Actually, it doesn’t hold water for anyone to say that speaking local languages leads to poor performance in examination or the promotion of speaking good English language in the country can attract foreign investors. I want to believe that there is something fundamentally wrong with our education system that needs to be fixed. Let us not deny this fact. During the days of Common Entrance, O and A Levels systems, Gambians were performing far better than today. The performance in that era cannot be compared to what we are witnessing today.
Pastor Forbes wants to tell us that countries like Angola, Muzambique and Cap Verde have good foreign investors because they speak good English. No! These countries have Portuguese as their official language. How many percent of citizens in these countries speak English? Therefore, speaking good English is not a yardstick Pastor to measure a country’s progress or development. It goes beyond that!
Since language spells out one’s identity, any attempt to abandon our local languages is tantamount to killing our identities. Is that what Pastor Forbes want?
As a matter of fact, English is just a medium of communication. Period! If our children find it difficult to communicate in English, why can’t we look into ways and means of changing our official language to our local ones. The first English speaking people have no alphabet, they developed it themselves. Many countries in the world today are trying to develop their own language that symbolises their identity. In fact, in some countries even if the official language is English or Arabic, they use their home language for lectures.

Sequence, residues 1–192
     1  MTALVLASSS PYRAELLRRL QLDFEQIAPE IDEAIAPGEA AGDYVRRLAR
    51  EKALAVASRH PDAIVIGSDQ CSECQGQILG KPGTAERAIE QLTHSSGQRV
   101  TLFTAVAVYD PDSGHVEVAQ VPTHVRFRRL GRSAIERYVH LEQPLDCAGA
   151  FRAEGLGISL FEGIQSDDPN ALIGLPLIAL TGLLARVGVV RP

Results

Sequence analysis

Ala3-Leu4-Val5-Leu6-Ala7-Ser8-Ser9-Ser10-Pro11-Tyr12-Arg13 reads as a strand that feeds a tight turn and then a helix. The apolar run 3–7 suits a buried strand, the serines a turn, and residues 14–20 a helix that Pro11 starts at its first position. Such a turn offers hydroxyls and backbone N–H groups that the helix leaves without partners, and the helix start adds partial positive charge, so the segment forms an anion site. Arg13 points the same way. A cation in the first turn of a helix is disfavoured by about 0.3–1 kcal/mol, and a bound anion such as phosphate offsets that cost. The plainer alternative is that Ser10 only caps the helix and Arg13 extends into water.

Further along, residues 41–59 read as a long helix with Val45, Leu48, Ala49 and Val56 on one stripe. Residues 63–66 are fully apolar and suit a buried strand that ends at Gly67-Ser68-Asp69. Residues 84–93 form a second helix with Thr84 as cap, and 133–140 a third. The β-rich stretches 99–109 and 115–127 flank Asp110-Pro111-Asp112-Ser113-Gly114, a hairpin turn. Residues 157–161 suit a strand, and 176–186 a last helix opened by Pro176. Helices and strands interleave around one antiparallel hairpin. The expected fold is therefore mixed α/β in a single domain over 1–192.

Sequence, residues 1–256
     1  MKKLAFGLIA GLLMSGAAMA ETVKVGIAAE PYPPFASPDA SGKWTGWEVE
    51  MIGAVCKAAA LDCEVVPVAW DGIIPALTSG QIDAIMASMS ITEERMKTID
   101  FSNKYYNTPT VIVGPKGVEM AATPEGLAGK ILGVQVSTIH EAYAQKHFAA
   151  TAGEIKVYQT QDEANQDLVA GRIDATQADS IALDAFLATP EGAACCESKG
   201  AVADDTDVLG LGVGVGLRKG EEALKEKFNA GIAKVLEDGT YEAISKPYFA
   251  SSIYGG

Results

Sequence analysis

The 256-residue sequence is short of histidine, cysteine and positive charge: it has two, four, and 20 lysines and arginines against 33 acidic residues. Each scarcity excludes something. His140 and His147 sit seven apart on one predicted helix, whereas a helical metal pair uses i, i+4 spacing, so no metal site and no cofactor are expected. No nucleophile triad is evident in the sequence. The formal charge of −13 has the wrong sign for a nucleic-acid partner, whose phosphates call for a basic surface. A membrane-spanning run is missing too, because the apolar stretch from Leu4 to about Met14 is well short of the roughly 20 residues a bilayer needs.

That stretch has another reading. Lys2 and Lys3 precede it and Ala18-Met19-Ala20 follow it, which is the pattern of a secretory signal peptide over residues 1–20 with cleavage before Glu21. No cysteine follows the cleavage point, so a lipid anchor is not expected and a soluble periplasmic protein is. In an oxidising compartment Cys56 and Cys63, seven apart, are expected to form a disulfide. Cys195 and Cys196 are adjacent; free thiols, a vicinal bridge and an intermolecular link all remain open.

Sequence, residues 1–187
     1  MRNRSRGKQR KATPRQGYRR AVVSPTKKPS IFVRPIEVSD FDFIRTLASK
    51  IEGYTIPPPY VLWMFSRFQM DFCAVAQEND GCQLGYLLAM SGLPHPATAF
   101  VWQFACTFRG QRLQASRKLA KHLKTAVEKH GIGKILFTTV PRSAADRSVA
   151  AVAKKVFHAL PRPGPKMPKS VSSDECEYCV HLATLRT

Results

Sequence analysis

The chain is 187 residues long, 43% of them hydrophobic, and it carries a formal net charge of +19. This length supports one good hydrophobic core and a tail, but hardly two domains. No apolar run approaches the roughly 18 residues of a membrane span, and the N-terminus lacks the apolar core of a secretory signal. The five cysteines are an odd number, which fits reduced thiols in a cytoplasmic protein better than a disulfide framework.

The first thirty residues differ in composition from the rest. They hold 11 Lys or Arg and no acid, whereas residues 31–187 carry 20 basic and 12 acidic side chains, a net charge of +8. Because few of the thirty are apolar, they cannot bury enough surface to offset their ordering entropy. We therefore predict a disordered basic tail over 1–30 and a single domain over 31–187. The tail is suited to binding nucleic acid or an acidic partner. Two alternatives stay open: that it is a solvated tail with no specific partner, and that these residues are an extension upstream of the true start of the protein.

Pastor Forbes’ statement that only three countries in Africa speak Mandinka is misleading, baseless and unfounded. I don’t expect the venerable religious leader to be taught that 12 countries in West Africa, including Guinea-Bissau, Guinea, Mali, Liberia, Senegal and the Gambia, speak Mandinka, although there are differences of dialects. How can he deliberately state that Mandinka is spoken in only three countries? Pastor, I hope you don’t have a skeleton in your cupboard? Remember that most Gambians hold you in high esteem but a shift in your tone is putting a dent on your reputation. You have left us wondering whether you are a tribalist with an sinister agenda to neutralise the majority tribe. In our efforts to declare a national language, we should look at a language that is spoken nationwide by majority of Gambians. Is there any other language that can compete with Mandinka in the Gambia? I expect a quick answer from Pastor Forbes.